Recent human rights violations include the killing of 100 peaceful protestors by direct government gunfire in the Oromo and Amhara regions in 2016. The UN has called for UN observers on the ground in Ethiopia to investigate this incident however the EPRDF-dominated Ethiopian government has refused this call. The protestors are protesting land grabs and lack of basic human rights such as the freedom to elect their representatives. The TPLF-dominated EPRDF won 100% in an election marked by fraud which has resulted in Ethiopian civilians protesting on scale unseen in prior post-election protests.
Merera Gudina, leader of the Oromo People’s Congress, said the East African country was at a “crossroads”. “People are demanding their rights,” he said. “People are fed up with what the regime has been doing for a quarter of a century. They’re protesting against land grabs, reparations, stolen elections, the rising cost of living and many things. “If the government continues to repress while the people are demanding their rights in the millions that (civil war) is one of the likely scenarios,” Merera said in an interview with Reuters.
According to surveys in 2003 by the National Committee on Traditional Practices in Ethiopia, marriage by abduction accounts for 69% of the nation’s marriages, with around 80% in the largest region, Oromiya, and as high as 92% in the Southern Nations, Nationalities, and Peoples’ Region. Homosexual acts are illegal in Ethiopia.
Among the Omotic Karo-speaking and Hamer peoples in southern Ethiopia, adults and children with physical abnormalities are considered to be mingi, “ritually impure”. The latter are believed to exert an evil influence upon others; disabled infants have traditionally been murdered without a proper burial. The Karo officially banned the practice in July 2012.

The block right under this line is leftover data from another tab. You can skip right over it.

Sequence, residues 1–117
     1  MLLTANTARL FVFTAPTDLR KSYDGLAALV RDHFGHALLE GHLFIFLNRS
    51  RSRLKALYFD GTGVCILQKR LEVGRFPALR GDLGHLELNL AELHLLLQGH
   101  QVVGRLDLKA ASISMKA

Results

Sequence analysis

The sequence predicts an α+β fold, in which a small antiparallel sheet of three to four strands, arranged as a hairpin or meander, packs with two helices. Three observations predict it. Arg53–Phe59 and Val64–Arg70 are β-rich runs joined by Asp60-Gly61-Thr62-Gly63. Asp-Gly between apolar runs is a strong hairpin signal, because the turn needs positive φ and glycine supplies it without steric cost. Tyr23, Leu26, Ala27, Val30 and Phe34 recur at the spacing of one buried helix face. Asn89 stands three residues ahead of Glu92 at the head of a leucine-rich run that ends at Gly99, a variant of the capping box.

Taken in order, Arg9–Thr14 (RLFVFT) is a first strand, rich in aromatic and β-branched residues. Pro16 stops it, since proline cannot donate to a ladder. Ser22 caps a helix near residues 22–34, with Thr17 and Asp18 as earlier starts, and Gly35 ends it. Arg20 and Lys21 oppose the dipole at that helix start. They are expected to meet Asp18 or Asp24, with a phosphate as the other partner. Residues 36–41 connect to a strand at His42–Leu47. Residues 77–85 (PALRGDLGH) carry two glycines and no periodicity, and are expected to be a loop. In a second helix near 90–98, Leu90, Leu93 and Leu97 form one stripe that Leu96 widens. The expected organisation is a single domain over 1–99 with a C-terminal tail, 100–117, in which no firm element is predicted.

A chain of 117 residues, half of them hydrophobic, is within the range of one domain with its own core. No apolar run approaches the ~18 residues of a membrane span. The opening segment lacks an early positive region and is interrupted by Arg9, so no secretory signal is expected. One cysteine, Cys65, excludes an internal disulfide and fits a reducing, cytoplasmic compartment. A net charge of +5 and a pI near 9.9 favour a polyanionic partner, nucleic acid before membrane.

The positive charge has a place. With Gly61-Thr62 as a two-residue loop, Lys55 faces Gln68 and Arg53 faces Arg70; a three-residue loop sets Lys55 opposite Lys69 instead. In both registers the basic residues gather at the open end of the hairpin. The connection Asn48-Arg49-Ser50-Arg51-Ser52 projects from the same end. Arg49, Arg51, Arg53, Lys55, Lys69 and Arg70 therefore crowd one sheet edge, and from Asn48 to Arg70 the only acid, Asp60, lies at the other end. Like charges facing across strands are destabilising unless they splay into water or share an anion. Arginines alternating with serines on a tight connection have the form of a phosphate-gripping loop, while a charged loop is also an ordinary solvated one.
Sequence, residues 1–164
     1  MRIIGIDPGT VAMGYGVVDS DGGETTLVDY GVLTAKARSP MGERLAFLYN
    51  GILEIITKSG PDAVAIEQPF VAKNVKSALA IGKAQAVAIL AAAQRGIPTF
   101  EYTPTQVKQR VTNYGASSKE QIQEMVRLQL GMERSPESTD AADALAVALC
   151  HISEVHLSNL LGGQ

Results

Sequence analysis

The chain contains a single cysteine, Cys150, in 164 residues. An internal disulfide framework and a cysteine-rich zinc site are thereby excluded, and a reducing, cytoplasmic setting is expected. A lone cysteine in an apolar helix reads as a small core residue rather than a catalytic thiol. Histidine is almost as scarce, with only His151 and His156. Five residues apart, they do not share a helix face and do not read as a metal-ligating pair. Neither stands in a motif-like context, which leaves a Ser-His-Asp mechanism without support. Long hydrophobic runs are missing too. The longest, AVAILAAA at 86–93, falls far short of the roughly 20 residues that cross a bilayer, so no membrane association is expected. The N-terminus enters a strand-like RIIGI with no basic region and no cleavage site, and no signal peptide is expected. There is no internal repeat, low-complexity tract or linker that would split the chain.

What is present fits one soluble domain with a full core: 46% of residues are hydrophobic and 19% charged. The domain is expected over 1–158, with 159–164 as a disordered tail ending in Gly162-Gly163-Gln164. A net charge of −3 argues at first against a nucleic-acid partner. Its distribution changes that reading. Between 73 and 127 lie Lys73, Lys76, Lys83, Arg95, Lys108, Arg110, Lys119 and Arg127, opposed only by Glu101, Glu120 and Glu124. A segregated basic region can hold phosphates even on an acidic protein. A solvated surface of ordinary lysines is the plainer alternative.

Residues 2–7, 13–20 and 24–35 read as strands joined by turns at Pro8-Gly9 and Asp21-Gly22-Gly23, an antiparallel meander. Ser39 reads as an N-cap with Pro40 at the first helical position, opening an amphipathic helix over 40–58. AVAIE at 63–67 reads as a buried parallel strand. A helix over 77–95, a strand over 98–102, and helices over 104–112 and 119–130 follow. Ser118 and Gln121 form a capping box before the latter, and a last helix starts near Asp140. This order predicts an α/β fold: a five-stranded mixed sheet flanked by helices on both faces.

In 2013, the Oakland Institute released a report accusing the Ethiopian government of forcing the relocation of “hundreds of thousands of indigenous people from their lands” in the Gambela Region. The report describes the Ethiopian government’s “plans to move over 1.5 million people” by the end of 2013, in order to allow foreign investors to develop the land for large scale industrial agriculture. According to several reports by the organization, those who refused were the subject of a variety intimidation technique including physical and sexual abuse, which sometimes led to deaths. A similar 2012 report by Human Rights Watch also describes the Ethiopian government’s 2010–2011 villagization in Gambella, with plans to carry out similar resettlements in other regions. The Ethiopian government has denied the accusations of land grabbing and instead pointed to the positive trajectory of the countries economy as evidence of the development program’s benefits.
Before 1996, Ethiopia was divided into thirteen provinces, many derived from historical regions. The nation now has a tiered governmental system consisting of a federal government overseeing ethnically based regional states, zones, districts (woreda), and kebeles (“neighbourhoods”).
Since 1996, Ethiopia has been divided into nine ethnically-based and politically autonomous regional states (kililoch, singular kilil) and two chartered cities (astedader akababiwoch, singular astedader akababi), the latter being Addis Ababa and Dire Dawa. The kililoch are subdivided into sixty-eight zones, and then further into 550 woredas and several special woredas.
The constitution assigns extensive power to regional states, which can establish their own government and democracy according to the federal government’s constitution. Each region has at its apex a regional council where members are directly elected to represent the districts and the council has legislative and executive power to direct internal affairs of the regions.
Article 39 of the Ethiopian Constitution further gives every regional state the right to secede from Ethiopia. There is debate however, as to how much of the power guaranteed in the constitution is actually given to the states. The councils implement their mandate through an executive committee and regional sectoral bureaus. Such elaborate structure of council, executive, and sectoral public institutions is replicated to the next level (woreda).